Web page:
Written Answers. - Special Areas of Conservation.

Jim O'Keeffe

Ceist:

414 Mr. J. O'Keeffe asked the Minister for Arts, Heritage Gaeltacht and the Islands the reason the Government was brought before the European Court of Justice in relation to the special areas of conservation; the effect of the judgment of 11 September 2001; and the course of action proposed to comply with the EU Habitats Directive agreed nine years ago. [27778/01]

The European Commission took cases against Ireland, France and Germany because the full national list of candidate special areas of conservation, SACs, had not been submitted. The court found against all three countries in these separate cases at the same time.

It is important to place the court finding in context. The judgment of the European Court of Justice essentially reflects the legal position prevailing in February 1998 concerning the transmission of candidate special areas of conservation to the European Commission. The court, in delivering its judgment, was precluded from considering progress made by Ireland in the intervening three years with regard to transmission of candidate SACs.
In February 1998, I informed the Commission that the delay in formally transmitting a list of candidate SACs was necessitated by the wider consultation process which I instigated in Ireland. My position was, and still is, that the only long-term practical way of ensuring the conservation of these important wildlife areas is to do so with the co-operation of landowners and land users. To this end I have insisted that consultation take place with those whose lands or land rights are affected, prior to formal transmission of the sites.
The EU Commission agrees with my view that the success of the Natura 2000 Network is dependent on the co-operation of landowners and land users whose lands are included in the sites. All those whose lands are proposed for SAC designation should be given an opportunity to pursue any objections they may have to proposed designations. To this end, I arranged for appeals to be examined informally by Dúchas, the heritage service of my Department. I also established an SAC Appeals Advisory Board, chaired by Mr. Michael Mills, the former ombudsman, with equal representation from the landowners and the conservation organisations, to assess appeals independently and to advise me on these matters.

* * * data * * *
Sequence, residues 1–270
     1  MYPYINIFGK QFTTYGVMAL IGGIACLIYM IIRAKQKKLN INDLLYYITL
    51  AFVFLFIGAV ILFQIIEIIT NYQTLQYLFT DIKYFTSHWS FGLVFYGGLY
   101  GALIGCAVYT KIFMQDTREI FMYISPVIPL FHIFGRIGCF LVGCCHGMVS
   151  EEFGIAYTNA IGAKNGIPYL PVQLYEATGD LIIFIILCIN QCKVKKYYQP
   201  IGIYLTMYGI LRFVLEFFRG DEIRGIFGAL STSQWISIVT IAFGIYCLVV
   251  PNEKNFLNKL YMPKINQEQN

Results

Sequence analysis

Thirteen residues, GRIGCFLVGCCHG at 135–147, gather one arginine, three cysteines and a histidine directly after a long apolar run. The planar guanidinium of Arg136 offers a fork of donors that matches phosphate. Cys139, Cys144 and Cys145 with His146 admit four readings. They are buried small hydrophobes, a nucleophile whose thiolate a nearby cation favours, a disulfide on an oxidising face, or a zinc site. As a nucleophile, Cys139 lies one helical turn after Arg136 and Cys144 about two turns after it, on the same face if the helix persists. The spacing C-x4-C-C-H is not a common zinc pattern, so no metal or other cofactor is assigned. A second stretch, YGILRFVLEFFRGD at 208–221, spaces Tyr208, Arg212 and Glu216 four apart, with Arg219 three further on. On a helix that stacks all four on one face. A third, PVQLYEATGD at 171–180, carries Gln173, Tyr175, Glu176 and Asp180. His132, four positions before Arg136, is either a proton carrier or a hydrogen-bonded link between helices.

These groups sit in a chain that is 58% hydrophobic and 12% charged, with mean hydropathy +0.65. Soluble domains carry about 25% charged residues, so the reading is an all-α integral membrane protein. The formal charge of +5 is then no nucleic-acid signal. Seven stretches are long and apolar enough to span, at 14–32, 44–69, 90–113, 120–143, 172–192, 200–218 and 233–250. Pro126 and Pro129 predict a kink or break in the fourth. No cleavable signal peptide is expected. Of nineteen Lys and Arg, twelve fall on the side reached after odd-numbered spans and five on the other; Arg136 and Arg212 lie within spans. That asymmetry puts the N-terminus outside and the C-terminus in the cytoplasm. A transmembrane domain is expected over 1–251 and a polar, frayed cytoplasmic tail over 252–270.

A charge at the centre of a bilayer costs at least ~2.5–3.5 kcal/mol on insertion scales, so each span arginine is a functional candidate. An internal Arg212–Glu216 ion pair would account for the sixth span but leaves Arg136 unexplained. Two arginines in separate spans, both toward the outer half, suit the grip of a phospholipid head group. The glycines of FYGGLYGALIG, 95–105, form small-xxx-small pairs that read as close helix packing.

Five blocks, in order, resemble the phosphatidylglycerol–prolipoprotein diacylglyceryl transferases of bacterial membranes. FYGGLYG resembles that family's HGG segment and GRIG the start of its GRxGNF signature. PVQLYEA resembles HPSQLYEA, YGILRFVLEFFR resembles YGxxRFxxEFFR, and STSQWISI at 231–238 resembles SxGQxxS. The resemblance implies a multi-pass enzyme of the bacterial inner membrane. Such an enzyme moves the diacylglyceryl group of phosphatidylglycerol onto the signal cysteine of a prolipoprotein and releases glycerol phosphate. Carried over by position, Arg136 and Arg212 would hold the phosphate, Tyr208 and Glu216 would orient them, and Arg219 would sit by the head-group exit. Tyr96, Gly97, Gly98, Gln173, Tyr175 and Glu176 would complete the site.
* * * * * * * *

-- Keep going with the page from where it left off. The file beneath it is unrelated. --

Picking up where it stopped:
The effect of the judgment of 11 September is very limited because Ireland has made considerable progress since 1998 in relation to the transmission of candidate special areas of conservation to the Commission. On taking office in 1997, I found that no sites had been transmitted to the Commission. Since then, I have overseen the formal transmission of 363 sites, which cover some 9,907 square kilometres. Having regard to the number and extent of SACs that I have now proposed I anticipate that Ireland's proposals will be found sufficient for most habitats and species at the second Atlantic Region Biogeographical Seminar which is to be held early next year.
I have decided in principle to propose new or extended SACs for the protection of salmon but these cannot be formally proposed until surveys to define their boundaries have been completed. This work is now well under way. Although it is difficult to estimate an exact time frame for completion of the survey work necessary to progress designation of salmon sites, I would expect the final batch of candidate SAC sites should be advertised and transmitted to the European Commission in 2002.
Ireland has fully implemented the Habitats Directive in law. The 1997 regulations which transposed the directive into Irish law provided for the sites to be protected from the time they are first proposed and these provisions have been reinforced by section 75 of the Wildlife (Amendment) Act, 2000.